Líney Árnadóttir uniquely combines theoretical chemistry and experimental surface science to study catalytic surface reactions for renewable energy applications. Specifically, she examines the role of surface defects and electronic structure in activating water dissociation, the effect of water or solvent on catalytic reaction and the atomistic reaction mechanism of corrosion, and understanding how the reaction energy correlates to surface properties or co-adsorbates will lead to more efficient and sustainable catalytic processes.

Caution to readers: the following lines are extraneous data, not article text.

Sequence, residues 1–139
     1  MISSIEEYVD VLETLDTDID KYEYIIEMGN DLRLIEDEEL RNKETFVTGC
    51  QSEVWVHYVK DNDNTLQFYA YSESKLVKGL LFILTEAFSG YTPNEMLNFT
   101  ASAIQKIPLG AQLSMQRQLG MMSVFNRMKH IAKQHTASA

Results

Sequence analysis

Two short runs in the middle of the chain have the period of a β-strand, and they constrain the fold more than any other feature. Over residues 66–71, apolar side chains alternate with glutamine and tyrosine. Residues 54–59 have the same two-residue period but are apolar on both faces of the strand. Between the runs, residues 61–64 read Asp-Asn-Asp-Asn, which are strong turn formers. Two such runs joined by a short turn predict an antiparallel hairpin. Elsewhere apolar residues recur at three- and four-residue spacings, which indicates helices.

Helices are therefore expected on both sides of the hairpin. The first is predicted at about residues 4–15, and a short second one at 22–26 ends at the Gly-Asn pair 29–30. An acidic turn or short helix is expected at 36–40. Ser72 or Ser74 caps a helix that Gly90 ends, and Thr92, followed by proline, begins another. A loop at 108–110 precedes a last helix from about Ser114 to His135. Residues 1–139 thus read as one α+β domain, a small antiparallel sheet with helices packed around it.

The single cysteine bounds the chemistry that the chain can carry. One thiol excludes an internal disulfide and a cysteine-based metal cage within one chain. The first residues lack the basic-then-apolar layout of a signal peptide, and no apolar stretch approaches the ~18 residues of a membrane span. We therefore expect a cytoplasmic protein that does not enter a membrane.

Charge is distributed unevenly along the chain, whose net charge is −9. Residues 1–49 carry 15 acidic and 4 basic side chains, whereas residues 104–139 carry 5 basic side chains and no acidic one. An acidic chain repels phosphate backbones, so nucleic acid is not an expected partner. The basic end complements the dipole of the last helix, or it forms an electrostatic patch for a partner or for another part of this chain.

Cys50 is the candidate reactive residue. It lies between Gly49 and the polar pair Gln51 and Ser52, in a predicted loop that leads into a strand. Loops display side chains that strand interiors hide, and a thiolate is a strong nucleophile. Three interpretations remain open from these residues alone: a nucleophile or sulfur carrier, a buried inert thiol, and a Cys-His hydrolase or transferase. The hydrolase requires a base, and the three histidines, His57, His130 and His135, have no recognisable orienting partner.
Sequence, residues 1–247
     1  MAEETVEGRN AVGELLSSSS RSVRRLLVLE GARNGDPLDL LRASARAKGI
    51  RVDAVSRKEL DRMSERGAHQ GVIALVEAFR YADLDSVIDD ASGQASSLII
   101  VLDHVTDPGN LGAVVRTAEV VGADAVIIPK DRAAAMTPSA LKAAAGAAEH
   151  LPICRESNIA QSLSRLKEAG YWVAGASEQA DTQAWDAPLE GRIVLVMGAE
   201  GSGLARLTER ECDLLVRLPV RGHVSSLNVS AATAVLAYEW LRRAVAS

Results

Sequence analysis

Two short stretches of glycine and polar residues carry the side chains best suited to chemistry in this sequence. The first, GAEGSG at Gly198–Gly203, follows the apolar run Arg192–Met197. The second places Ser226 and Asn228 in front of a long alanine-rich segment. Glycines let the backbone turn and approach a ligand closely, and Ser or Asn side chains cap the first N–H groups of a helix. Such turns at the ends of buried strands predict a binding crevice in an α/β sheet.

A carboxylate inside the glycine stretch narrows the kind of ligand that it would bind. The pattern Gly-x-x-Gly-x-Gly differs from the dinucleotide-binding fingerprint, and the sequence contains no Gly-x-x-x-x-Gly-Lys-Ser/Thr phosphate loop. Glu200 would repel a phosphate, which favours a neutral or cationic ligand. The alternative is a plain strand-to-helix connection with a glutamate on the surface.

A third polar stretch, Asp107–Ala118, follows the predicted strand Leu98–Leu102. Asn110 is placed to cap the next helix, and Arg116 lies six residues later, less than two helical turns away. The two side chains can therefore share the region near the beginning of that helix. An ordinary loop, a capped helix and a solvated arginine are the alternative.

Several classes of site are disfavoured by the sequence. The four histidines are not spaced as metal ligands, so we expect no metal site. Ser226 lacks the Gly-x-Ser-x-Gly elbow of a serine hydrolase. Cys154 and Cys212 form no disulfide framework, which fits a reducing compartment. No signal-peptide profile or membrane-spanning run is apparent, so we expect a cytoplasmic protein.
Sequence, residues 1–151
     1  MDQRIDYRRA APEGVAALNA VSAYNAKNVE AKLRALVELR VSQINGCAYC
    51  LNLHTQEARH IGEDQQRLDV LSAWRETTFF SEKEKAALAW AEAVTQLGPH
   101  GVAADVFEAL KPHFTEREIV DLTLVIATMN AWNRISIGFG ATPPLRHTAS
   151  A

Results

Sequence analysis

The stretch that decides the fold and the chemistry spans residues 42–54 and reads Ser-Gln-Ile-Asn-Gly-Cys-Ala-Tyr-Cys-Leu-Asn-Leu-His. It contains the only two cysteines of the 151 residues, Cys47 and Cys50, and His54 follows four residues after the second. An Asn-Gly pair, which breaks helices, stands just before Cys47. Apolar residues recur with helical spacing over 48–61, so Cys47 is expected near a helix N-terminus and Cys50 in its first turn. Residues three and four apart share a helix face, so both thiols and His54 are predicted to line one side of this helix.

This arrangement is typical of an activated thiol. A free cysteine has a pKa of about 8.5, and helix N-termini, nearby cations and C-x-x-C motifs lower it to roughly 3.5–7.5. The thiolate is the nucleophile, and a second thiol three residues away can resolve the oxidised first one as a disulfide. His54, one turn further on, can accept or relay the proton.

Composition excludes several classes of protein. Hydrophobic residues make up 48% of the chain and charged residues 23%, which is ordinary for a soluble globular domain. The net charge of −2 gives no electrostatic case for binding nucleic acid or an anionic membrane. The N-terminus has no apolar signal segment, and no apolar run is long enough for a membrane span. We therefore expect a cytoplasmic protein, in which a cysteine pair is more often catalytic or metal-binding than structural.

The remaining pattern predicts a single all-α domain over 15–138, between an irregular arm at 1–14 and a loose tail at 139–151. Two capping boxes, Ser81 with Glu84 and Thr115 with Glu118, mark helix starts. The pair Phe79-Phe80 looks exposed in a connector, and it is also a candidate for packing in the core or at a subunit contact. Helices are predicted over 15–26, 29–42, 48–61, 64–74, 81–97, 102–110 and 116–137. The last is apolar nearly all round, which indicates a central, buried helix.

Surface interactions and catalysis through experimental techniques and Density Functional Theory-based calculations for renewable energy and sustainability; surface characterization of complex materials (thin films, biomaterials, corrosion surfaces) via surface analysis techniques (Time-of-Flight Secondary Ion Mass Spectrometry, X-ray Photoelectron Spectroscopy), and electrochemistry for clean hydrogen production and fuel cell applications.
Ph.D. - Chemical Engineering, University of Washington, 2007
MS - Chemical Engineering, University of Washington, 2003